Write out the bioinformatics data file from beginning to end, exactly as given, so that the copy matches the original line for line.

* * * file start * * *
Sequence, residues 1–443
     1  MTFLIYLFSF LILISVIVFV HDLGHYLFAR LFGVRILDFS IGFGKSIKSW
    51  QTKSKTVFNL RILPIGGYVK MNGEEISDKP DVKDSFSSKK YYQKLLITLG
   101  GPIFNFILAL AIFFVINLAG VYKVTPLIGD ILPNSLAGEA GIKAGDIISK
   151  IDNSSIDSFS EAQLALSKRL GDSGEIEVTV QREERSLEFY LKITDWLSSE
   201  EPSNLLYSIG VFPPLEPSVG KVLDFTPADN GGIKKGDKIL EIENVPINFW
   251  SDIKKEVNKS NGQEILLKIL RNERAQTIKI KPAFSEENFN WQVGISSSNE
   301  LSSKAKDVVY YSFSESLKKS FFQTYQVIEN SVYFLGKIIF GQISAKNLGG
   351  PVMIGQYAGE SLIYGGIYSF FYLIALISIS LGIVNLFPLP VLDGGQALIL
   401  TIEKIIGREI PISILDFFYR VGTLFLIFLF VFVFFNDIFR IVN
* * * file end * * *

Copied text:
Sequence, residues 1–443
     1  MTFLIYLFSF LILISVIVFV HDLGHYLFAR LFGVRILDFS IGFGKSIKSW
    51  QTKSKTVFNL RILPIGGYVK MNGEEISDKP DVKDSFSSKK YYQKLLITLG
   101  GPIFNFILAL AIFFVINLAG VYKVTPLIGD ILPNSLAGEA GIKAGDIISK
   151  IDNSSIDSFS EAQLALSKRL GDSGEIEVTV QREERSLEFY LKITDWLSSE
   201  EPSNLLYSIG VFPPLEPSVG KVLDFTPADN GGIKKGDKIL EIENVPINFW
   251  SDIKKEVNKS NGQEILLKIL RNERAQTIKI KPAFSEENFN WQVGISSSNE
   301  LSSKAKDVVY YSFSESLKKS FFQTYQVIEN SVYFLGKIIF GQISAKNLGG
   351  PVMIGQYAGE SLIYGGIYSF FYLIALISIS LGIVNLFPLP VLDGGQALIL
   401  TIEKIIGREI PISILDFFYR VGTLFLIFLF VFVFFNDIFR IVN